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Do More Powerful Interest Groups have a Disproportionate Influence on Policy?

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  • Zara Sharif

    (Erasmus University Rotterdam)

  • Otto H. Swank

    (Erasmus University Rotterdam)

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    Abstract

    Decisions-makers often rely on information supplied by interested parties. In practice, some parties have easier access to information than other parties. In this light, we examine whether more powerful parties have a disproportionate influence on decisions. We show that more powerful parties influence decisions with higher probability. However, in expected terms, decisions do not depend on the relative strength of interested parties. When parties have not provided information, decisions are biased towards the less powerful parties. Finally, we show that compelling parties to supply information destroys incentives to collect information.

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    Bibliographic Info

    Paper provided by Tinbergen Institute in its series Tinbergen Institute Discussion Papers with number 12-134/VII.

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    Date of creation: 05 Dec 2012
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    Handle: RePEc:dgr:uvatin:20120134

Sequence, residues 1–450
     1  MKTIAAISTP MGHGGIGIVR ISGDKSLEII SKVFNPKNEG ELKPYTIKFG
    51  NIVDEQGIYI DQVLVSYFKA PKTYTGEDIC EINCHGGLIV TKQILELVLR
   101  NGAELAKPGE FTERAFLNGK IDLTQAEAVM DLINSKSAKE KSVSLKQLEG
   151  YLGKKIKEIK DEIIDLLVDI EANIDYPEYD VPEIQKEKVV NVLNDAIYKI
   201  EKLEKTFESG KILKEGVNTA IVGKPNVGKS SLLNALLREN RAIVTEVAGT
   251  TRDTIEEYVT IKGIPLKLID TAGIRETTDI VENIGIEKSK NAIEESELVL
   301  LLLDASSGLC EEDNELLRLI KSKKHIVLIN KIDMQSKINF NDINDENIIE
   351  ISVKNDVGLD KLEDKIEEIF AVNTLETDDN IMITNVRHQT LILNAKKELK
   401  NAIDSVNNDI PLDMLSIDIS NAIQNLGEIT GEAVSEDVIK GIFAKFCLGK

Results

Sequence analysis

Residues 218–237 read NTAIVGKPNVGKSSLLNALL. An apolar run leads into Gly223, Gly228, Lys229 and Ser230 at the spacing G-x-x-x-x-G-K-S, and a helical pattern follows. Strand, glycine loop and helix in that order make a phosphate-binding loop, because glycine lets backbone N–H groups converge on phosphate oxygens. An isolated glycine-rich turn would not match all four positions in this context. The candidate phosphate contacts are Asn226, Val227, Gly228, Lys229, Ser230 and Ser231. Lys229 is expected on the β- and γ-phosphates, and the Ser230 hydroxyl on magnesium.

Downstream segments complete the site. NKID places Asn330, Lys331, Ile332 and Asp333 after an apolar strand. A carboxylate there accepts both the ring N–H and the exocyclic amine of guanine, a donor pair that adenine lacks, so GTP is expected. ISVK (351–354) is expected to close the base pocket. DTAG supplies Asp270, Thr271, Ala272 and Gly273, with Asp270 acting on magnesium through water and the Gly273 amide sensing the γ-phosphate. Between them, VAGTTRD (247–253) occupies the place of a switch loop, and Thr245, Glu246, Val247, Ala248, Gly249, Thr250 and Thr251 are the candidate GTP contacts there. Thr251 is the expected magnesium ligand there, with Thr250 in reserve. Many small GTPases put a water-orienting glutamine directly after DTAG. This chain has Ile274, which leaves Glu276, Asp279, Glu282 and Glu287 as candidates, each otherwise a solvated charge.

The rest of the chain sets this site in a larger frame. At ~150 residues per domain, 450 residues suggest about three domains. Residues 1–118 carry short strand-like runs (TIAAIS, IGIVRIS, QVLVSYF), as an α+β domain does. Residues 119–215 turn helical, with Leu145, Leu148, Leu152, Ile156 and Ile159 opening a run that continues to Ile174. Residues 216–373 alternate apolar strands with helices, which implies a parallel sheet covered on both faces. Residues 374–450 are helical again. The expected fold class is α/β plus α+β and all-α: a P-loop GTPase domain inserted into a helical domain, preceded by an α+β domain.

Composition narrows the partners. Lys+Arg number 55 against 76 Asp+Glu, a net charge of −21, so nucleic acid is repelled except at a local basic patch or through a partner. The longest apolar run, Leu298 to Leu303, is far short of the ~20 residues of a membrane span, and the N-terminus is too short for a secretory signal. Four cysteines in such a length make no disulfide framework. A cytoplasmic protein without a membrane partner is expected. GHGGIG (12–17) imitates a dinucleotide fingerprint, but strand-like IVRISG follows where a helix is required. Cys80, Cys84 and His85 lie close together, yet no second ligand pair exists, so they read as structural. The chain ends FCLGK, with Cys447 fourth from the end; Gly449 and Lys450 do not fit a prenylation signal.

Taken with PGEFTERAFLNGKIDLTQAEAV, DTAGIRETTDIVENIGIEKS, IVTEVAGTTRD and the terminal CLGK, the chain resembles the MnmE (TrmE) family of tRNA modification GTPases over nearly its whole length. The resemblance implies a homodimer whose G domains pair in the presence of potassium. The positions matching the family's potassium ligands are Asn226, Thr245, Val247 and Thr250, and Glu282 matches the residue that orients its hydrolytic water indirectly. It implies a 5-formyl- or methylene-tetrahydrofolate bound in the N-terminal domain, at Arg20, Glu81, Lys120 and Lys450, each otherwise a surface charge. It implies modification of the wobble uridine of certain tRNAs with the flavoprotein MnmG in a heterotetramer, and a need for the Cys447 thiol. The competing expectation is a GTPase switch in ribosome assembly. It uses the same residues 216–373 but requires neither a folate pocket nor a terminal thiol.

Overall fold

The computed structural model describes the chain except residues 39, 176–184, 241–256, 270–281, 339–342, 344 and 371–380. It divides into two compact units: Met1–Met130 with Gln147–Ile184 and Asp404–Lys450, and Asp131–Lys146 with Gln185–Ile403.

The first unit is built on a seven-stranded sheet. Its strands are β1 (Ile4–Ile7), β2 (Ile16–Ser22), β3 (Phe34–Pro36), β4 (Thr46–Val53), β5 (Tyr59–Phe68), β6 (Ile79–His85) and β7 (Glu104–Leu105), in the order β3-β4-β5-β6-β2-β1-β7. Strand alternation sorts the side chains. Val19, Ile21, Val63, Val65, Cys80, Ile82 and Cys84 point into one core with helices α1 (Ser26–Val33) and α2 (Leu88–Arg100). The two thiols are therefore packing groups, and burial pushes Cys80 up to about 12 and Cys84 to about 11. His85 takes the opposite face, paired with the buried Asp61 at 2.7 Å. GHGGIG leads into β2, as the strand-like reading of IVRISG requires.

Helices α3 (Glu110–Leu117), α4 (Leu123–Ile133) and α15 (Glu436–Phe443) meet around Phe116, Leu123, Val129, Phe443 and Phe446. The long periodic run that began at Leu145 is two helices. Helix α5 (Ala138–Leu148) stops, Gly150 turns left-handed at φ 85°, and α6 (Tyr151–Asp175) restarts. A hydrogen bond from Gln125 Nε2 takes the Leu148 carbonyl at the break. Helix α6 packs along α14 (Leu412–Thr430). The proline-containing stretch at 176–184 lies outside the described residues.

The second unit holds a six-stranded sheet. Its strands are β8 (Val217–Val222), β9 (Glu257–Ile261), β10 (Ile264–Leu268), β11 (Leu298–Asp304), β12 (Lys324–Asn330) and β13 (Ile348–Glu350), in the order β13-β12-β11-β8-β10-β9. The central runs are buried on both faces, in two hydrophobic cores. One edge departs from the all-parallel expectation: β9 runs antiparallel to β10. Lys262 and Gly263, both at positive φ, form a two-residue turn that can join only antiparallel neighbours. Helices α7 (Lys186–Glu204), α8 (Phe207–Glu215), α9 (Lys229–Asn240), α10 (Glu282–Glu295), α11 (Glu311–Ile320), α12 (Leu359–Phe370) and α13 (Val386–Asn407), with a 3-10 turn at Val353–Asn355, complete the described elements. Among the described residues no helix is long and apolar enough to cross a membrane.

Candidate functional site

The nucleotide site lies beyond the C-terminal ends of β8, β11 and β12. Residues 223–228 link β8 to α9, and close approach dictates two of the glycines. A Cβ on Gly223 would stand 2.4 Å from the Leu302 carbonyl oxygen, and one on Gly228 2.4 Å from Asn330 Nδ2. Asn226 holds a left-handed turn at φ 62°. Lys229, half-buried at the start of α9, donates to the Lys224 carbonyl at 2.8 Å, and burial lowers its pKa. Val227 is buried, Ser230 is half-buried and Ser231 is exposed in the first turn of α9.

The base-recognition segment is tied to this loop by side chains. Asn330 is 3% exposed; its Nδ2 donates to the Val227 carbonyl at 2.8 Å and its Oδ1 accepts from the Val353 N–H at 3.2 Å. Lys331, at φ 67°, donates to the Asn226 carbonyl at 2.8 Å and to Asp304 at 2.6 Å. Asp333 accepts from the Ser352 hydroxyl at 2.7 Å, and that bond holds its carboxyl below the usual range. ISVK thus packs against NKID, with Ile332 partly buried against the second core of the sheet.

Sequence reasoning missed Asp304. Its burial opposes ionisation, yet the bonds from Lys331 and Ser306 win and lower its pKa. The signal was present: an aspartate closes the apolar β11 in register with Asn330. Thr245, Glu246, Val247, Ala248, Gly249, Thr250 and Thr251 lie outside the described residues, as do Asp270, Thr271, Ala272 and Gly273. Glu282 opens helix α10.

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    Web page: http://www.tinbergen.nl

    Related research

    Keywords: information collection; communication; interest groups; decision-making;

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    1. Vijay Krishna & John Morgan, 1999. "A Model of Expertise," Working Papers 154, Princeton University, Woodrow Wilson School of Public and International Affairs, Discussion Papers in Economics..
    2. Shin Hyun Song, 1994. "The Burden of Proof in a Game of Persuasion," Journal of Economic Theory, Elsevier, vol. 64(1), pages 253-264, October.
    3. Paul R. Milgrom & John Roberts, 1985. "Relying on the Information of Interested Parties," Cowles Foundation Discussion Papers 749, Cowles Foundation for Research in Economics, Yale University.
    4. Potters, J.J.M. & Winden, F. van, 1992. "Lobbying and asymmetric information," Open Access publications from Tilburg University urn:nbn:nl:ui:12-223989, Tilburg University.
    5. Robert Dur & Otto H. Swank, 2003. "Producing and Manipulating Information," CESifo Working Paper Series 908, CESifo Group Munich.
    6. Thomas Stratmann, 2005. "Some talk: Money in politics. A (partial) review of the literature," Public Choice, Springer, vol. 124(1), pages 135-156, July.
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